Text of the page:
The enthusiasm for these two biopics hearkens back to 1968 when Simon and Garfunkel recorded the song, Mrs. Robinson, with the lyrics:

“Where have you gone, Joe Dimaggio?

Our nation turns its lonely eyes on you.

What’s that you say, Mrs. Robinson?

Jolting Joe has left and gone away.”

When those words were written, America was still fighting a futile war– but being told differently–in Viet Nam. And, furthermore, a third-rate power like Viet Nam was in the process of conducting the Tet Offensive that was one of the largest and most successful campaigns against South Vietnam and the U.S.A. Joe Dimaggio represented an American hero long gone as Viet Nam turned into a nation’s disgrace.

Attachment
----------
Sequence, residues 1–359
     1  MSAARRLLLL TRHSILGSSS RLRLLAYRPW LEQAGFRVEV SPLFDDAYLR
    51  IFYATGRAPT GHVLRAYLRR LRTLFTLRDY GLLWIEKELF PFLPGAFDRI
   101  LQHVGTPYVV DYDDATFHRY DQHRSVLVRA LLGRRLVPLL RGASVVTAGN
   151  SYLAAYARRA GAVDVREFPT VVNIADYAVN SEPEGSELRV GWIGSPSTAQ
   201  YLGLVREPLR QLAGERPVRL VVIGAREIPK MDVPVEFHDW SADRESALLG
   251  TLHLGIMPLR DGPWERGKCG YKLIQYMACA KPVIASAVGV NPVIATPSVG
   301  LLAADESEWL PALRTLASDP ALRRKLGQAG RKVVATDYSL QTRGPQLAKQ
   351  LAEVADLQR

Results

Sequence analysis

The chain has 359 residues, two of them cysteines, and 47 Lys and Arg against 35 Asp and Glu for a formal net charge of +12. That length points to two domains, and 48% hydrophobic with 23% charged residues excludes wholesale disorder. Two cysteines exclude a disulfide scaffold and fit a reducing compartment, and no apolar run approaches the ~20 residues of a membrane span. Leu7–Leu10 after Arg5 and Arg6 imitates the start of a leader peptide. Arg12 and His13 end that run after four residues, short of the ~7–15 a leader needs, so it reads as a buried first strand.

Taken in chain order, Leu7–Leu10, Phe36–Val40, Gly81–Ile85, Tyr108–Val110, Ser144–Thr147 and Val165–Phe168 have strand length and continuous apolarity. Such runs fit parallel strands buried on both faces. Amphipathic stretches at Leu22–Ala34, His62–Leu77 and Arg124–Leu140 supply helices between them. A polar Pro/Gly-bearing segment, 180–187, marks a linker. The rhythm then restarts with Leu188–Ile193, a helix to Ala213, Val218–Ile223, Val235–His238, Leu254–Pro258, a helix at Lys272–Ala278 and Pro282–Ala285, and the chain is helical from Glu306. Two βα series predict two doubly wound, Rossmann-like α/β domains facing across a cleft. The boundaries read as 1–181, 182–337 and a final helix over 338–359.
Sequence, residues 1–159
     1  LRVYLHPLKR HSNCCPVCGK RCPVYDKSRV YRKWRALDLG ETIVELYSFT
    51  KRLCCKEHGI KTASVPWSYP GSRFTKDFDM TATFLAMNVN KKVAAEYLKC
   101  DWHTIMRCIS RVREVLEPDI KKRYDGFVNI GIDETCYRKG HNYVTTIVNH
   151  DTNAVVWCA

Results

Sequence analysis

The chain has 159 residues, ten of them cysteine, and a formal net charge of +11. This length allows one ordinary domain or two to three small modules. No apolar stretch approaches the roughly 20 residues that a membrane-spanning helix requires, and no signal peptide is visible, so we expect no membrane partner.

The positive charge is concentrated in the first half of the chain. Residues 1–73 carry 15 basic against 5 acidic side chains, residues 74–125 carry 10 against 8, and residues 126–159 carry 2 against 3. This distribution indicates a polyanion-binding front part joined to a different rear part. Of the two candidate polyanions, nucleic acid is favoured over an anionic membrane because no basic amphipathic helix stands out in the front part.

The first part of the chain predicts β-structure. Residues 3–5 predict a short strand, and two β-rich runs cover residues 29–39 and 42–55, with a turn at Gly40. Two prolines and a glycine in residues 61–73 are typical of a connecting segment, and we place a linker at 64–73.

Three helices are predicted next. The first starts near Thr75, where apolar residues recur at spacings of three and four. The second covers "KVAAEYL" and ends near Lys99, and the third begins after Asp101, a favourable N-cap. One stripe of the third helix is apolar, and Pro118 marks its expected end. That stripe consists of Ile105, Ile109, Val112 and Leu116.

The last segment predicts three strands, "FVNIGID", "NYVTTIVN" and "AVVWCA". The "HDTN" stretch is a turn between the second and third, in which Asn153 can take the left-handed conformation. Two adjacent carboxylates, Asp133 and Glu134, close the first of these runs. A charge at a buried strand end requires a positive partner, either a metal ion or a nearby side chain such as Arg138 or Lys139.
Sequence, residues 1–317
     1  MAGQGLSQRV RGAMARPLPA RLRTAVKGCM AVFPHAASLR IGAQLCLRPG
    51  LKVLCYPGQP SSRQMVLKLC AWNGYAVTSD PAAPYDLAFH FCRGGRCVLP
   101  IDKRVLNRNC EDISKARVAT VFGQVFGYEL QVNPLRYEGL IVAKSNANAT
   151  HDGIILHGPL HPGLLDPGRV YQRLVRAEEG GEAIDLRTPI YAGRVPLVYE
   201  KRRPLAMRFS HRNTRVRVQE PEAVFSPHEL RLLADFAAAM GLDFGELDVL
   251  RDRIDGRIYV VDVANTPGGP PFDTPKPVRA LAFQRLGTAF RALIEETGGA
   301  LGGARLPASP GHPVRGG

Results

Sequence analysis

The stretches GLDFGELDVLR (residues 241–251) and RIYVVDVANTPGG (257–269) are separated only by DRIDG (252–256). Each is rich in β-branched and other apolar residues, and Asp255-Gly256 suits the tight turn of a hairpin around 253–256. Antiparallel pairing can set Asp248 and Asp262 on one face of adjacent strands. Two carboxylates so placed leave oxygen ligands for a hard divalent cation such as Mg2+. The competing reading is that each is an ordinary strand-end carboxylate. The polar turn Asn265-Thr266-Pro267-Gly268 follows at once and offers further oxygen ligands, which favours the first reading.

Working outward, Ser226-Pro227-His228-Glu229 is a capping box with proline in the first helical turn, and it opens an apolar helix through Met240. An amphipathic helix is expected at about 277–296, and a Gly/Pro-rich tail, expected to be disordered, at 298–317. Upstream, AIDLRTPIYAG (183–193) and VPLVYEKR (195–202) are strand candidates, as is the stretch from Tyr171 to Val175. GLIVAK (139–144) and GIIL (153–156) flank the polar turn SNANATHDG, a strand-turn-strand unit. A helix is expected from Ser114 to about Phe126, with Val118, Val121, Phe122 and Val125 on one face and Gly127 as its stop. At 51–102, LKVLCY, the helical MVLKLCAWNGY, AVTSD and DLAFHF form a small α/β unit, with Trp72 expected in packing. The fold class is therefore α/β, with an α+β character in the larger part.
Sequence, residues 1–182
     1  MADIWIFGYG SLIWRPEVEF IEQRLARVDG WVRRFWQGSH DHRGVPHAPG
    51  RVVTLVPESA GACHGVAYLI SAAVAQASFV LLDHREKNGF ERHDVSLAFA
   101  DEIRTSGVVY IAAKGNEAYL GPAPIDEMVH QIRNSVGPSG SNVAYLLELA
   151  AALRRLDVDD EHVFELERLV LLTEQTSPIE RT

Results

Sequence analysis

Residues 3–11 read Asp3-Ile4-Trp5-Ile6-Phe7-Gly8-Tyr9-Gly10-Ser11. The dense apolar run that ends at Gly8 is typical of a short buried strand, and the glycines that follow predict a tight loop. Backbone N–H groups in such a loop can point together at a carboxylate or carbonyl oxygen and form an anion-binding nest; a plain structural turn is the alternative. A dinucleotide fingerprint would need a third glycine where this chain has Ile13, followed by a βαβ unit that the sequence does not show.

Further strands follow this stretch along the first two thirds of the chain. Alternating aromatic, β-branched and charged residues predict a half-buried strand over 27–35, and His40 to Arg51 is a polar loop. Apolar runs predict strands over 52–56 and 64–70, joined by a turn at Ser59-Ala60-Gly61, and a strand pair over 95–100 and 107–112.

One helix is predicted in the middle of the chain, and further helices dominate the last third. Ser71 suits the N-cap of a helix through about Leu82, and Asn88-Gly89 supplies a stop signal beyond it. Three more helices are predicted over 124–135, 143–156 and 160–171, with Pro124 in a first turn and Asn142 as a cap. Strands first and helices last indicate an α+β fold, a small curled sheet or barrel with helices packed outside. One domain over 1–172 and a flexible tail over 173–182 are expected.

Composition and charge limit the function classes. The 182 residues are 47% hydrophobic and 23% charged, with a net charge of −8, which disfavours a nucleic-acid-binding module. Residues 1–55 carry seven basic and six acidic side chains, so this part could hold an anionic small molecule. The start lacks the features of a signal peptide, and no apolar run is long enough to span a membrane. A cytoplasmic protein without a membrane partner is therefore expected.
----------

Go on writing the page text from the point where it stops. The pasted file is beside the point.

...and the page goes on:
Today the kindness of Fred Rogers is almost revered because there is such a dearth of that very same human quality.   If a catalyst is a substance that increases the rate of a chemical reaction without undergoing any permanent change, then I would say Donald Trump is a human catalyst. Although he did not create it, President Trump has taken social media to its ultimate in “twittering” nastiness to all of his detractors. His enemies of which there are many have returned the favor of Mr. Trump with their own version of nastiness. The news media shrieking both loudly and mockingly from side to side with little hope for resolution catapults us into chaotic oblivion. We are now facing the moral bankruptcy so many of us felt in the ‘60’s. We view Mr. Rogers, though if he were alive, he would surely deny it, a hero amidst cowards that are afraid to step down from their pedestals and make peace with those of whom we disagree. This has resulted in a lack of civility felt by all. Such a lapse in good manners can erode the values for which this country believed in when it first came to be.